Speeches make and move the world. They are performances: tests for any man, woman and child to show their conviction. They need to, in order to move the crowd. They want to, because that is who they are.
When you do a speech, you’re not speaking to one person. You speak to nations. You speak to markets. You speak to voices of their own. You speak to the lives, burdens and emotions of people.
Do you know how taxing that can be for one person? There’s so much responsibility and so much at stake. It’s why we associate speeches with leaders: speeches are the one of the best ways to witness someone in a high pressure situation. If you can handle one well, you can handle anything.
With that in mind, the three main objectives of any speech would be:
- Provoke the audience: The first part deals with emotions. Great speeches provoke the audience equally: everyone is on the same page emotionally.
- Make them think: This part deals with logic. The audience must know which questions to think over, what issues to address. Great presenters let the audience know what they’ve been through, their thoughts, their struggles, and other essential parts of the thought process.
- Empower them: This deals with character. Strength, energy, and the like. Speeches elevate the audience to become greater (in their own way) than they were prior to the speech. It could be that they know what to do with an issue. It could be that the speech ended with a powerful life lesson that evokes self-awareness. Either way, this is how speeches move nations.
On that note, let’s take a look at one of the best speeches ever recorded: the official speech of Martin Luther King, Jr. To help me with this, I have two resources in my possession:
The first is the
The second is a book full of English phrase techniques. Things like antitheses, paradox, zeugma (verbs that carry through the entirety of a sentence unsaid: Tom likes whisky, Dick vodka, Harry crack cocaine). This is a handy book for creatives and lovers of the English language. Helps with your prose too!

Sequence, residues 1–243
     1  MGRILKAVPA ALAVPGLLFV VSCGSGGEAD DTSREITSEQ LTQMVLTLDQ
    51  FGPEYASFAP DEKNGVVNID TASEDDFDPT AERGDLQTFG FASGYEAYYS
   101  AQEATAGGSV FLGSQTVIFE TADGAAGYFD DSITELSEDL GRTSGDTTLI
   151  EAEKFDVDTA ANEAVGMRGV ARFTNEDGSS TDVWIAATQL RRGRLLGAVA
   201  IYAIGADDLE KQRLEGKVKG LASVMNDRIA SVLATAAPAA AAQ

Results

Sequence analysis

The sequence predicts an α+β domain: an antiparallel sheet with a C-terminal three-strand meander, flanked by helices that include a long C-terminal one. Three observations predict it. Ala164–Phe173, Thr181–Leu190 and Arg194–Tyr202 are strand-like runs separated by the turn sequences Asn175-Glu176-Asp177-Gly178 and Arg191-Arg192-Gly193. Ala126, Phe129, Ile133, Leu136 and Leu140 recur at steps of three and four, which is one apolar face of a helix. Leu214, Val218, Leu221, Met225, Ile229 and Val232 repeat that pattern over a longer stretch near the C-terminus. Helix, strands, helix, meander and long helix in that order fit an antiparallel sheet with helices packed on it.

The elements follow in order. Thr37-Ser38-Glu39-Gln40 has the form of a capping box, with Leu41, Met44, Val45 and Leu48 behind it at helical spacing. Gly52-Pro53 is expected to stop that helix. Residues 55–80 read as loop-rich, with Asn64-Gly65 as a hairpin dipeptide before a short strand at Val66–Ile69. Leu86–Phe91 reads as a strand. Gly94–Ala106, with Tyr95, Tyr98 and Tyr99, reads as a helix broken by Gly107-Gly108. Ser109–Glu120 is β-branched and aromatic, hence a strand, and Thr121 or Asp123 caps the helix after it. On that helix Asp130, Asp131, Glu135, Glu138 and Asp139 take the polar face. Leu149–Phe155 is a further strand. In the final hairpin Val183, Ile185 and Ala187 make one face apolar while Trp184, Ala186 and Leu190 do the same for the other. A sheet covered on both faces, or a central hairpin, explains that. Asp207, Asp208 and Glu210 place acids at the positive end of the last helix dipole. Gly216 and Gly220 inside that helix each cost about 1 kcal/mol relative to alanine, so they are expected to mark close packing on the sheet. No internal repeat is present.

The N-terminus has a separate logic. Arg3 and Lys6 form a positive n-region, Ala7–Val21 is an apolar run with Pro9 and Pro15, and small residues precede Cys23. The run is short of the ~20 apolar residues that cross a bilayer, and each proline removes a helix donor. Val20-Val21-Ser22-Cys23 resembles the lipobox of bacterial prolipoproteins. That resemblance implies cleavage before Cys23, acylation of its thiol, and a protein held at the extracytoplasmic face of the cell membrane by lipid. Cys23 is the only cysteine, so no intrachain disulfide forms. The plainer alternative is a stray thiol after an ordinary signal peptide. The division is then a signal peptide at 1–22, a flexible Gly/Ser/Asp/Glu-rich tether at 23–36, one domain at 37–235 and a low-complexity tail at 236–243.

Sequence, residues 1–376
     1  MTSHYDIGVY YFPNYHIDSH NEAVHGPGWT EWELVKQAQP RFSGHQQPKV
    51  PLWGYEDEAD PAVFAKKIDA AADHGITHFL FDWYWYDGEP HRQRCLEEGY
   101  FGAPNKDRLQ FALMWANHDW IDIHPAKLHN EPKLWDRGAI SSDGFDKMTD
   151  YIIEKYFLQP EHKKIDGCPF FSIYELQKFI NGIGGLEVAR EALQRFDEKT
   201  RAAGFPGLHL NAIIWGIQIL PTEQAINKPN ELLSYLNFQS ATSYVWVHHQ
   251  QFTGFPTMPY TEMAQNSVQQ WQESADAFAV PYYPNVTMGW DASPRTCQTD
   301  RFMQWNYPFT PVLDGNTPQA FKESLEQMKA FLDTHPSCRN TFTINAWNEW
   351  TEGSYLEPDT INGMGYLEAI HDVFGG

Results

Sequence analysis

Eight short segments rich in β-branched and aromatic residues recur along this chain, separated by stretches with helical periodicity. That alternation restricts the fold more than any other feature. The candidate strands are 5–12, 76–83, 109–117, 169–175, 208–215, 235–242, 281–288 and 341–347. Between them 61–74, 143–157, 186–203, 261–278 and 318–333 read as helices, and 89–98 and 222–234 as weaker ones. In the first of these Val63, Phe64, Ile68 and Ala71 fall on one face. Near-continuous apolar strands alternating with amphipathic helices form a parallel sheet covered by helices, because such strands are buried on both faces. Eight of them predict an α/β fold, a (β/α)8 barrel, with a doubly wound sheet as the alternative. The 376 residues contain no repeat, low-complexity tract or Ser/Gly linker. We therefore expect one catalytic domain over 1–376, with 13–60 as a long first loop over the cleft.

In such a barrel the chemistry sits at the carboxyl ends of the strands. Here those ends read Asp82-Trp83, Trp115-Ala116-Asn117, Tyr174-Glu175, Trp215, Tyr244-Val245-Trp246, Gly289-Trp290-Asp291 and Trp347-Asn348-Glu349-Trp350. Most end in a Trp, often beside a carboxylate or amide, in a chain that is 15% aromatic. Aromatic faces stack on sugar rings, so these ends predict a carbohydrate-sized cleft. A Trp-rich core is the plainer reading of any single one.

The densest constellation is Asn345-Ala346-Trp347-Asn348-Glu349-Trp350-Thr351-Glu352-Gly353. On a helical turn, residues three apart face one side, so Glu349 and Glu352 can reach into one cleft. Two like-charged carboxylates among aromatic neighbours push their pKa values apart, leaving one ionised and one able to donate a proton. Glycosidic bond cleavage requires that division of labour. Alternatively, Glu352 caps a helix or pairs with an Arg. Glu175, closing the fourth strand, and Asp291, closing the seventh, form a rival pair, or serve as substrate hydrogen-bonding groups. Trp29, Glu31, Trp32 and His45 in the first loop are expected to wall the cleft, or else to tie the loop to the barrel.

In the year 1963, Dr. Martin Luther King, Jr. with a doctorate in theology and years in experience preaching in front of a crowd, was a leader of the growing civil rights movement. A ton of racial segregation laws had prevented black people from fully integrating into the US without any racial backlash. We also had racist paramilitaries like the Ku Klux Klan adding to the racial attacks, via lynch mobs and other methods. This speech was given in front of the Lincoln Memorial, in front of a large crowd.
King starts off with the following:
Five score years ago a great American in whose symbolic shadow we stand today signed the Emancipation Proclamation. This momentous decree is a great beacon light of hope to millions of Negro slaves who had been seared in the flames of withering injustice. It came as a joyous daybreak to end the long night of their captivity. But 100 years later the Negro still is not free. One hundred years later the life of the Negro is still badly crippled by the manacles of segregation and the chains of discrimination. One hundred years later the Negro lives on a lonely island of poverty in the midst of a vast ocean of material prosperity. One hundred years later the Negro is still languished in the corners of American society and finds himself in exile in his own land. So we’ve come here today to dramatize a shameful condition.
Breaking down King’s Speech
A score is 20 years. Five score years equal to a century ago. The great American he was referring to here was Abraham Lincoln, 16th President of the United States. During his time, he had given a speech aptly named the Gettysburg Address in July 1863 to commemorate the fallen. This was in the middle of the Civil War. The address itself starts off with the following:
Fourscore and seven years ago our fathers brought forth on this continent a new nation, conceived in liberty and dedicated to the proposition that all men are created equal.
Back to King. In the very first sentence, he had already made a throwback to Lincoln’s poise, leadership and sense of justice by emulating the same speech structure. By the very first paragraph, King had established himself as speaking for the people, his people, just as Lincoln did.
Starting off with past exposition (Before, we were ___), highlighting the current issue now (…But 100 years later the Negro still is not free.), and addressing it once and for all (…dramatize a shameful condition). We can think of it as two things:
- King finds inspiration in Lincoln’s speeches
- This format of past -> now in a speech is effective in highlighting a situation’s key difference.
For Lincoln’s speech, it supposedly went from good to bad:
The proposition that all men are created equal -> Now we are engaged in a great civil war.
and for King, the other way round: